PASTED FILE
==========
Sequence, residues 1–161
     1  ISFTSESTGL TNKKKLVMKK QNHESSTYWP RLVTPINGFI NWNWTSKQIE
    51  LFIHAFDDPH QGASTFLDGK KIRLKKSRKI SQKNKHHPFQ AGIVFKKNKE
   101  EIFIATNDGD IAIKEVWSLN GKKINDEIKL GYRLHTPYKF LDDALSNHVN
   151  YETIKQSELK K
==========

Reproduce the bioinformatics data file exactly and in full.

Sequence, residues 1–161
     1  ISFTSESTGL TNKKKLVMKK QNHESSTYWP RLVTPINGFI NWNWTSKQIE
    51  LFIHAFDDPH QGASTFLDGK KIRLKKSRKI SQKNKHHPFQ AGIVFKKNKE
   101  EIFIATNDGD IAIKEVWSLN GKKINDEIKL GYRLHTPYKF LDDALSNHVN
   151  YETIKQSELK K